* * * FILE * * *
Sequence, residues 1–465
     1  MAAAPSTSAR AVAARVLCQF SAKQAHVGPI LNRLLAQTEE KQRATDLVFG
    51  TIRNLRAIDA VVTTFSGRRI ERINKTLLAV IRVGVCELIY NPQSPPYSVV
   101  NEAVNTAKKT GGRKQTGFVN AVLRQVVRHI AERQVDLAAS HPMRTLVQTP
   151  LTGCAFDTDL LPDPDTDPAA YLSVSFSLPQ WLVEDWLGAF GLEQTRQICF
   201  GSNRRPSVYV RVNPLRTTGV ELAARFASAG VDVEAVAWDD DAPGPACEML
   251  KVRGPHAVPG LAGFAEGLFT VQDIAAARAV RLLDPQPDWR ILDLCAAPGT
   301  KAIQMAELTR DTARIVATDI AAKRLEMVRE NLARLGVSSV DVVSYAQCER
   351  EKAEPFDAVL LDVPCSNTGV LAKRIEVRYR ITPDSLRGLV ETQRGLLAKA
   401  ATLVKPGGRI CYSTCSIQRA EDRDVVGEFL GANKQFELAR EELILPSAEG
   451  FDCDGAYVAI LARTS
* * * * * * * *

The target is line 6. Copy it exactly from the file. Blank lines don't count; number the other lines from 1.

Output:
   201  GSNRRPSVYV RVNPLRTTGV ELAARFASAG VDVEAVAWDD DAPGPACEML